Anterior structural defects by misexpression of Xgbx-2 in early Xenopus embryos are associated with altered expression of cell adhesion molecules

Michael W. King, Moses Ndiema, Anton W. Neff

Research output: Contribution to journalArticle

20 Scopus citations


The RNA of the noncluster homeobox gene, Xgbx-2, is localized during neurulation to a narrow band of tissue at the midbrain hindbrain boundary (anterior hindbrain). The localized expression of Xgbx-2 within the nervous system prompted us to assess its function during early development by injection of synthetic Xgbx-2 RNA into the animal pole region of both dorsal blastomeres at the four-cell stage. Injection of Xgbx-2 RNA leads to dose- dependent alterations in anterior dorsal structures. These defects include abnormal eye development including reduced and missing eyes, reduced or missing cement glands, and abnormal brain development. Additionally, coinjection with lineage label (either β-galactosidase or green fluorescent protein) shows there is a dose-dependent misplacement of cells. These misplaced cells can be found in such locations as the blastocoele, gastrocoele, or ventricles in the brain. In some spawnings, misplaced cells are expelled from the embryo into the periviteline space. In general, the phenotype of Xgbx-2 RNA-injected embryos is strikingly similar to the phenotypes observed when dominant-negative RNA constructs of Ca2+-dependent cell-adhesion molecules are injected into similar regions of early embryos. Xgbx-2 misexpression enhanced the dissociation of animal hemisphere cells, and inhibited Ca2+-dependent cell adhesion in dissociated animal hemisphere cells in vitro. Additionally, when the expression of various calcium- dependent cadherins was tested, it was shown that misexpression of Xgbx-2 prevents N-cadherin expression during early neurulation. These observations suggest that the transcription factor, Xgbx-2, functions normally in the regionalization of the neural tube (specifically the anterior hindbrain) by regulating differential cell adhesion and subsequently cell identity.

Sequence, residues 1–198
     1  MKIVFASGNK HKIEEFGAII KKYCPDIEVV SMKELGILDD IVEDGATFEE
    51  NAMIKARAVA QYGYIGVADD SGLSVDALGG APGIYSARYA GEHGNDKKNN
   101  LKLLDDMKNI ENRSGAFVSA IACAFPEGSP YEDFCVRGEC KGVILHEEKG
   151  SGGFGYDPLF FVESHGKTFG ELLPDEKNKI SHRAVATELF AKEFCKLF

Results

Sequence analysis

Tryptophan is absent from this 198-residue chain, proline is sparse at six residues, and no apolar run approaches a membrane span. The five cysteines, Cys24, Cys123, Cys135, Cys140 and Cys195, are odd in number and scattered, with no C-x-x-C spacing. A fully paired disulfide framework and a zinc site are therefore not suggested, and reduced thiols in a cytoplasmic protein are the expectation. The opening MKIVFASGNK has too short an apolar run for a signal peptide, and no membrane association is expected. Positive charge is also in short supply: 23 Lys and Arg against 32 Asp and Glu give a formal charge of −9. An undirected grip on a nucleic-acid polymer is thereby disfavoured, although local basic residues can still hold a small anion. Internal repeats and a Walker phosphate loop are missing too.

Original languageEnglish (US)
Pages (from-to)563-579
Number of pages17
JournalDevelopmental Dynamics
Issue number4
StatePublished - Aug 1 1998


  • Cell adhesion
  • Ectopic expression
  • Homeobox
  • Pattern formation

ASJC Scopus subject areas

  • Developmental Biology
  • Cell Biology

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